2019-07-17

Rocky Mountain High Colorado

Katie had a conference at Copper Mountain in Colorado so our toddler and I tagged along. Copper Mountain is where I learned to ski when I was four years old so it was a fun "homecoming" of sorts for me.


We arrived in Denver Friday morning and spent the day in Boulder, where I had meetings with some startups that I advise - it was great to see them in person rather than over Skype for once!

Friday evening we drove up to Copper Mountain, where we had a spacious condo all to ourselves. I didn't sleep well Friday night due to the sudden change in altitude (~3,000 m / ~10,000 ft) but I was greeted the next day by gorgeous views regardless.

While Katie participated in her conference Saturday, our toddler and I explored the village and hiked around a bit. Copper Mountain is clearly primarily a Winter ski destination - many shops and restaurants were closed for the offseason - but I thought it was just wonderful during the Summer. The cool temperatures were a refreshing change from the heat and humidity of North Carolina and they did a great job of creating activities more appropriate for the season. Saturday all day was a three-peak cycling race called the Triple Bypass and Saturday evening there was live music in the village center.

Sunday, after an early morning hike, we made our way back to Denver, stopping at Red Rocks for lunch with the same family that taught me to ski 36 years ago. It was lovely to see them again and fun to introduce them to the next generation! The stunning red rocks reminded me that Colorado isn't just alpine but actually features a great deal of landscape and architecture more reminiscent of the American Southwest.

Monday morning we hopped on our flight back to North Carolina. This was a very quick trip but it reminded me how much I enjoy Colorado. It seems to be about the closest thing I can find to Switzerland here in the US - but with more direct flights. We may try to visit more often - and especially during the Summer, when we are seeking refuge from the heat and humidity!

2019-07-03

Is Vinyl Better Than Modern Media?

A friend recently asked what was going on with the recent popularity of vinyl records. Is vinyl "better" than more modern music media? Or is it just a hipster fad with no base? I am far from an expert but, as I have a fair bit of experience with vinyl (~100 LPs and a jukebox full of 45 singles), I weighed in with the following take.



Vinyl can be "better" (a very loaded - and subjective - term!) than newer formats for older music:


  1. When a song was originally recorded, mastered, and stamped out to vinyl, that was how it was "supposed" to sound (barring disagreements between the artists and the production/engineering staff, disagreements within the band, limitations of production technology of the time, etc.).
  2. When the music is transferred to digital formats, some sound quality loss necessarily occurs. Digitization samples the original audio many times per second to create the new, digital signal. If it samples more frequently, the audio is higher quality; if it samples less frequently, the audio is lower quality. Practically speaking, the human ear probably can't tell the difference but hardcore audiophiles care about it.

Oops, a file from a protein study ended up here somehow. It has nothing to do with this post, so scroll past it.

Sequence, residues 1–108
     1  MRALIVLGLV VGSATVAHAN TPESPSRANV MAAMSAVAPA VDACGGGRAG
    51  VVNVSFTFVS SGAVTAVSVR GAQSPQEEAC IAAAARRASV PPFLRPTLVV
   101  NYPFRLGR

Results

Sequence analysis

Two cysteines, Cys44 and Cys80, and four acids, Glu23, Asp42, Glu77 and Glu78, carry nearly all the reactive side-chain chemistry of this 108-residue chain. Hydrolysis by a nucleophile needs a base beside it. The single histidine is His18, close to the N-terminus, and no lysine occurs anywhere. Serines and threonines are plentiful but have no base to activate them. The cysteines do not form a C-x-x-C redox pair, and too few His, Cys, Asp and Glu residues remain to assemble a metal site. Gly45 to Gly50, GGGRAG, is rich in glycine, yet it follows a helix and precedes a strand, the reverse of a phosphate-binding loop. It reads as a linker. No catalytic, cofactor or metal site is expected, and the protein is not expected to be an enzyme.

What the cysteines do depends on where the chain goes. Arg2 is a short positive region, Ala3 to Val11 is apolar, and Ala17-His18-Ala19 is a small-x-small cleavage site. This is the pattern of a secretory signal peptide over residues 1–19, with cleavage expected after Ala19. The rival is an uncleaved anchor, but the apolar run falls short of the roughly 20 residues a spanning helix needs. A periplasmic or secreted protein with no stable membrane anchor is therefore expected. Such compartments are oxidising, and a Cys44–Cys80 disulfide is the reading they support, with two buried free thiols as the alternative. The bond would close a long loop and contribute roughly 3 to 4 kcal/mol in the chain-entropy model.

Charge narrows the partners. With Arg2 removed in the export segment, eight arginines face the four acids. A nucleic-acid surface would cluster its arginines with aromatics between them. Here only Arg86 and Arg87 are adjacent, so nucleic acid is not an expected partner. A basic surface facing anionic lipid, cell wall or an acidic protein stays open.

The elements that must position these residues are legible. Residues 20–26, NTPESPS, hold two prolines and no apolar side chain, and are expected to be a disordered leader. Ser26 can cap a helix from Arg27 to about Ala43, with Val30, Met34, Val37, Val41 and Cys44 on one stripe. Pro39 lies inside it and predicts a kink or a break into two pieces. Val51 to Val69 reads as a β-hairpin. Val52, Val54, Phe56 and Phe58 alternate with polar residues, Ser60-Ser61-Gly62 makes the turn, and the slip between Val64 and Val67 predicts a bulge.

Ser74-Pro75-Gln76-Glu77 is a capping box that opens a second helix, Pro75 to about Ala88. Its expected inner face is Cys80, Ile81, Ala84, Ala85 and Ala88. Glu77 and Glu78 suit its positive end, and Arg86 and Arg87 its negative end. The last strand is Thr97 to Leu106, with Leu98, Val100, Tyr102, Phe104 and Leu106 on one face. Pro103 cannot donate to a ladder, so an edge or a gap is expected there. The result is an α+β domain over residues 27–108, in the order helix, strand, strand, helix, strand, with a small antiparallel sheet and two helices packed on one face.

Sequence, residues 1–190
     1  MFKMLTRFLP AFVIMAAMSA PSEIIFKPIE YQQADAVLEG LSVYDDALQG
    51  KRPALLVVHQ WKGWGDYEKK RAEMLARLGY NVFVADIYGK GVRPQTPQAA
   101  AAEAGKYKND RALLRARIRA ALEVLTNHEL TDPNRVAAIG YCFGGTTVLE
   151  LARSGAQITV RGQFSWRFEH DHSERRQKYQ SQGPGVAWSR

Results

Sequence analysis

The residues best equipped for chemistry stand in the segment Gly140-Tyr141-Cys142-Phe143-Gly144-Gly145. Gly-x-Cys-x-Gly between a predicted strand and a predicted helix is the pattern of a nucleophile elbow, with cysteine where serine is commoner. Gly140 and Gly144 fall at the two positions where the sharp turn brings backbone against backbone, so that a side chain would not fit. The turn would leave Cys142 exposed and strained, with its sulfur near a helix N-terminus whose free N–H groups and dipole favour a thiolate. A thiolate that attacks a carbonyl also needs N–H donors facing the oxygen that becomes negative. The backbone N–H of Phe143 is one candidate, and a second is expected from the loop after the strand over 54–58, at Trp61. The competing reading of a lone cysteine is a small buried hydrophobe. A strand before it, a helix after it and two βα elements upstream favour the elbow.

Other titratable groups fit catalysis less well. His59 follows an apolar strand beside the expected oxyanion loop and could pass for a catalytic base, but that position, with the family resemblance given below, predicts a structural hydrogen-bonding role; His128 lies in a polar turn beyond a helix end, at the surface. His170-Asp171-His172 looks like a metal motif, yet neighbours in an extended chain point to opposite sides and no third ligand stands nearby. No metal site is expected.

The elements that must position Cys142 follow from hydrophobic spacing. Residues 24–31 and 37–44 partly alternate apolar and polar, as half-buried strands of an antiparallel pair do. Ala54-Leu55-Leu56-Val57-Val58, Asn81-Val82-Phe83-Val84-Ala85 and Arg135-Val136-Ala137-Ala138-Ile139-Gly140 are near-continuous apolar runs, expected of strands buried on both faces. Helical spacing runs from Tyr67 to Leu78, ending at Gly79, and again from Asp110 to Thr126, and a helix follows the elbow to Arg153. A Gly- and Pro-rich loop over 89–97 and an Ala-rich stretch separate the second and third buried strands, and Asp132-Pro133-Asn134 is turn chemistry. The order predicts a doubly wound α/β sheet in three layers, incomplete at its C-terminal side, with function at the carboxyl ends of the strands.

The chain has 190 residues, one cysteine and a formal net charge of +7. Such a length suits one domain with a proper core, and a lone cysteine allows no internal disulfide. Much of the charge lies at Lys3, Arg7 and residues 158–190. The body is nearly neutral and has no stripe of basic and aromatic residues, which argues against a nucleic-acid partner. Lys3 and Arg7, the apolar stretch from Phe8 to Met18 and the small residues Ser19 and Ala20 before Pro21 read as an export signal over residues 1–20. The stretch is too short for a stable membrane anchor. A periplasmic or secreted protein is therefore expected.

3. During early digitization, ie to CDs, many filters were used during the digital transfer process to remove pops and other imperfections that are often found on vinyl (and that vinylheads find endearing - a feature, not a bug!). Those filters, though, often filter out more than the imperfections and the music loses some of its top end and/or bottom end sound.
  4. During digitization, "remastering" sometimes happens as well; someone remixes the tracks, plays with the volumes, applies filters, etc. to make the the music sound "better" in the new, digital medium. Occasionally this works out well, like the 50th anniversary re-release Sgt Pepper's Lonely Hearts Club Band (performed painstakingly by the original engineer and his son!), occasionally it is disastrous, and usually it is a mixed result. Regardless, it changes the music from the original standard.
  5. For most digital file formats, e.g. mp3, after digitization of the original analog music, there is also compression to save space; the compression further distorts the music. This is probably imperceptible to those who aren't looking for it but, again, hardcore audiophiles care about it.
  6. For streaming media, digital files are further compressed and altered, especially when bandwidth is low, further reducing the quality of the audio.

So what does this all mean? Firstly, vinyl pressings of modern music that has been digitally recorded offer no real benefit other than a cool physical medium. For older music, recorded on analog tape, there are indeed differences between its vinyl format and its conversion to more modern media.

Whether the vinyl is "better" depends on a number of factors and is highly individualistic. Not all digitization efforts are equal and neither are the preferences of the listener. Whether vinyl is right for you really comes down to personal taste.